Psalm 139:19-24


In Psalm 139 the psalmist, King David, magnifies a few of God’s attributes. Even though God knows Himself better than we will ever know Him though we spend an eternity with Him, David extols these attributes to God as a means of worship. How blessed we are to be allowed a peek into David’s understanding of, and love for God.

I see three main ideas being communicated in this beautiful work of Hebrew poetry. The first idea is that God knows Man. As we’ve discussed previously, Yahweh thoroughly knows each one of us. The second idea is the omnipresence (everywhere at once) characteristic of God. The third idea is actually a petition David submits to God.

Unlike a human child who might butter up his dad just before asking for something, David’s praise is genuine. As I read through this Psalm it at first glance seems to me verses 19 through 24 don’t belong here. This petition seems to be an abrupt departure from the praise and adoration eloquently expressed by David in the previous verses. Wasn’t David lost in praise as we often are when we read these verses? How could he suddenly be concerned with earthly matters? Let’s take a look at the verses.

Psalm 139:19-24

          19       Oh, that You would slay the wicked, O God!

   Depart from me, therefore, you bloodthirsty men.

          20       For they speak against You wickedly;

   Your enemies take Your name in vain.

          21       Do I not hate them, O LORD, who hate You?

   And do I not loathe those who rise up against You?

          22       I hate them with perfect hatred;

   I count them my enemies.

          23       Search me, O God, and know my heart;

   Try me, and know my anxieties;

          24       And see if there is any wicked way in me,

   And lead me in the way everlasting.

Maybe it’s just me, but hopefully you see the sharp contrast between the praise in verses 1 through 18 and the petition in verses 19 through 24 as I do. I have always understood a christian should be loving, compassionate, forgiving, patient. Not violent or vengeful. And yet look at what David asks of God. What is going on here? Let’s take a momentary diversion. Maybe it will help us understand this conundrum.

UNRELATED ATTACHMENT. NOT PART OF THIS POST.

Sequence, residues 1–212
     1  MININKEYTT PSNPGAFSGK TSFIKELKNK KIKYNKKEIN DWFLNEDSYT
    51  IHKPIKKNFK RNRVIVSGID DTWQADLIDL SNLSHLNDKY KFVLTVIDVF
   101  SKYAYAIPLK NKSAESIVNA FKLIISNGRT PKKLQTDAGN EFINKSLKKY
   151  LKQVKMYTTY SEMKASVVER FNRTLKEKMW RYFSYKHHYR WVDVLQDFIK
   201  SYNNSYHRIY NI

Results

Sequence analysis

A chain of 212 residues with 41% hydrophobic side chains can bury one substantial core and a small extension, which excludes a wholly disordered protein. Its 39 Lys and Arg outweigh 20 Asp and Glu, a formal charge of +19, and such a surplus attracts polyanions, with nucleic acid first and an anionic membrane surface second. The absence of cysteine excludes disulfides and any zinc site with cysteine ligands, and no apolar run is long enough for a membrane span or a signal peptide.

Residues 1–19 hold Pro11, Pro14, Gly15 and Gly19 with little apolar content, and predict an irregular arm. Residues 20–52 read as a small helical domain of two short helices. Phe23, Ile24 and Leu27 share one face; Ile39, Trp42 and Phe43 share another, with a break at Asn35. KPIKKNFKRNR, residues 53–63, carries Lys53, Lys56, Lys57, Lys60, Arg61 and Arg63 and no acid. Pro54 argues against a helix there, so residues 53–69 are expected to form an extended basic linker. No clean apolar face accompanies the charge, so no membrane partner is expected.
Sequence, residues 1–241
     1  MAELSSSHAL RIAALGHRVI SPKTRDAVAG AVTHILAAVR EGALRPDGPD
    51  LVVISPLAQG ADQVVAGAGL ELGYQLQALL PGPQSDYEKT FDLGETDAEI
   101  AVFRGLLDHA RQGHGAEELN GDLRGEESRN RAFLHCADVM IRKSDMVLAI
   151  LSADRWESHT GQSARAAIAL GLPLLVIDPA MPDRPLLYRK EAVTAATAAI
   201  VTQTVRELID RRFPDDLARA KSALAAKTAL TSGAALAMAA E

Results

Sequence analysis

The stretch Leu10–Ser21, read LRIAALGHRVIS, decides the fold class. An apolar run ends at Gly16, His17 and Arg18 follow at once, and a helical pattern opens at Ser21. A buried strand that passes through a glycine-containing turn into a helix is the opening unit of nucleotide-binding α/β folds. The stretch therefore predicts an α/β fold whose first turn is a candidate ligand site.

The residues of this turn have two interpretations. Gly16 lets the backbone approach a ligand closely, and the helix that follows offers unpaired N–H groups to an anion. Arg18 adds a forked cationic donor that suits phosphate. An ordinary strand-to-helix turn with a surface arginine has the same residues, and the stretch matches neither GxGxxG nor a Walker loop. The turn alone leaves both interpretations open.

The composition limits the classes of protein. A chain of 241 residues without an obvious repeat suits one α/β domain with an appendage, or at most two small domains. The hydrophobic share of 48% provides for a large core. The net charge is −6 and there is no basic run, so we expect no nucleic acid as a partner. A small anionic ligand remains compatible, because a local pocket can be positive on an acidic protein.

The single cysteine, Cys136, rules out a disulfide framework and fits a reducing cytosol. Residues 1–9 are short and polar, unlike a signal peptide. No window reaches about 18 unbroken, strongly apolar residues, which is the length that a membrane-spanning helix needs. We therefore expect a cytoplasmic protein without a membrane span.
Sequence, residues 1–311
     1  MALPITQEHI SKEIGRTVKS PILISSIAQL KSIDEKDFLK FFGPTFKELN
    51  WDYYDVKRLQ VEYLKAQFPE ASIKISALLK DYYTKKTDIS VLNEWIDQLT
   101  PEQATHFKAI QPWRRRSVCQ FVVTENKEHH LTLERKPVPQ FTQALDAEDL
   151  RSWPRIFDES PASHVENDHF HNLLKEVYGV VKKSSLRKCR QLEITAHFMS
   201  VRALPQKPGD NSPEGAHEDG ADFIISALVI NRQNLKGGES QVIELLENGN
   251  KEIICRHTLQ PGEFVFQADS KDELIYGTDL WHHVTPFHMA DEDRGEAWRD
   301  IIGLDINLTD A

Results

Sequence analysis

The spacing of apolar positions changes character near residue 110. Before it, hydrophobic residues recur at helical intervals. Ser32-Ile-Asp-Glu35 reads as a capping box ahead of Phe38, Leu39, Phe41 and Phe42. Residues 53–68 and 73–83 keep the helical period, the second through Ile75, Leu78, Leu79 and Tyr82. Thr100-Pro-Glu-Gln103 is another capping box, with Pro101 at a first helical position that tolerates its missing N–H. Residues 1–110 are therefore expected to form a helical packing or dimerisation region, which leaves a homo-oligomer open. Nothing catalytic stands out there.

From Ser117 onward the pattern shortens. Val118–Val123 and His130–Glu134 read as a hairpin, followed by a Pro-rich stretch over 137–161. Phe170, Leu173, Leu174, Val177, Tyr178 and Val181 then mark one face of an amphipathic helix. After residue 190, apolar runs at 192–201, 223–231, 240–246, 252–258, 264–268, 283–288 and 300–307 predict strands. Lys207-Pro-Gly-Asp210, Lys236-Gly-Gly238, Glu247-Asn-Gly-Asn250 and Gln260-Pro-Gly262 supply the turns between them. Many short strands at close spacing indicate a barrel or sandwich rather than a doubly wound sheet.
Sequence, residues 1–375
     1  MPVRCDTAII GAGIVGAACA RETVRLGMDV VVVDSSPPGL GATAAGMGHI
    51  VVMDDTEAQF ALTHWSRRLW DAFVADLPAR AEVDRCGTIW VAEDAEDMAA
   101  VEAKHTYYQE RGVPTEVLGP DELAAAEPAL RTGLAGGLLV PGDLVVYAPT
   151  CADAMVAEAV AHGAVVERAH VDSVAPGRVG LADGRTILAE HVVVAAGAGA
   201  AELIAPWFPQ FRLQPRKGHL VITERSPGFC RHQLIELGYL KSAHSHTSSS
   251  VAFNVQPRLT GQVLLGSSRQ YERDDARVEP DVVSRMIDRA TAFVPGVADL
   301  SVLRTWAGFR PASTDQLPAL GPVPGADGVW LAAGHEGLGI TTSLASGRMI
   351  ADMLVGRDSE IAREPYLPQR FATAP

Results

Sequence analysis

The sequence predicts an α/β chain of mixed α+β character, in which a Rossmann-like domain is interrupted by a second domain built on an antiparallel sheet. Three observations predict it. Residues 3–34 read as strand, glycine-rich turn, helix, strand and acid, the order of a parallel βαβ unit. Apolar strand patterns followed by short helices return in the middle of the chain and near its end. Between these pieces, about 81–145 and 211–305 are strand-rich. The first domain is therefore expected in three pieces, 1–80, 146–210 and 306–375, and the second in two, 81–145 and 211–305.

Scholars argue about how many different classification of Psalms exists. It ranges from three to ten, maybe even more. Regardless of how many different types of Psalms there are, there is one that stands out, called the Imprecatory Psalms. A quick internet search for the definition for imprecatory yields the following.

Imprecatory Psalms, contained within the Book of Psalms of the Hebrew Bible (תנ”ך), are those that invoke judgment, calamity, or curses, upon one’s enemies or those perceived as the enemies of God.

You may be surprised to discover a full 18% of the Psalms are classified as imprecatory! How is it that the Psalmist can be praising God and calling for God to invoke judgment, calamity or curses upon someone at the same time?

I think there are two more attributes of God that are crucial to our understanding of this Psalm. One is the absolute Goodness of God. It may be hard for us to comprehend but God is utterly and completely good. And He offers His goodness to man by inviting man into relationship with Him.

The other attribute of God needing consideration is God’s justice. God’s justice is tied to His goodness. He is perfectly just. Absolute justice requires judgment when a wrong is committed. One does not become an enemy of God because of something God has done. One chooses to ignore all that God is and all that He offers in order to become His enemy.

So in my opinion, when David spent concentrated time in the praise and worship of God, he came into alignment with the rest of the attributes of God. Even though not explicitly expressed, David become aware of God’s justice. Through spending time with Him, David is able to come into agreement with how God should deal with His enemies, and calls for it in this prayer.

What can we learn from this Psalm, both its praises and its imprecatory components? We need to be careful that we do not anthropomorphize God. In other words God is not defined by human properties, but rather His own. We need to allow the scriptures to tell us what God is like. We need to conform to Him, not He to us. Let the final word on God be the Word of God.

As we learn more and more about God through His word, our sense of awe becomes intensified as well as our sense of reverence. God is truly worthy of all praise and worship.

All Bible Quotations take from The New King James Version. Nashville: Thomas Nelson, 1982. Print.

2 Replies to "Psalm 139:19-24"

  • Roger Streifel
    March 20, 2018 (7:09 pm)

    i believe the “perfect hatred” David means is his dislike for the evil not him “hating” the people. “Hate” in the NT means not the chosen who receives an extra or first portion as the eldest son does. I believe “hate” here in Hebrew means dislike but dislike of sin not the sinner??

  • Roger Streifel
    March 20, 2018 (7:14 pm)

    I meant to include that “hate” in NT also means as I described what I think it means in this OT verse

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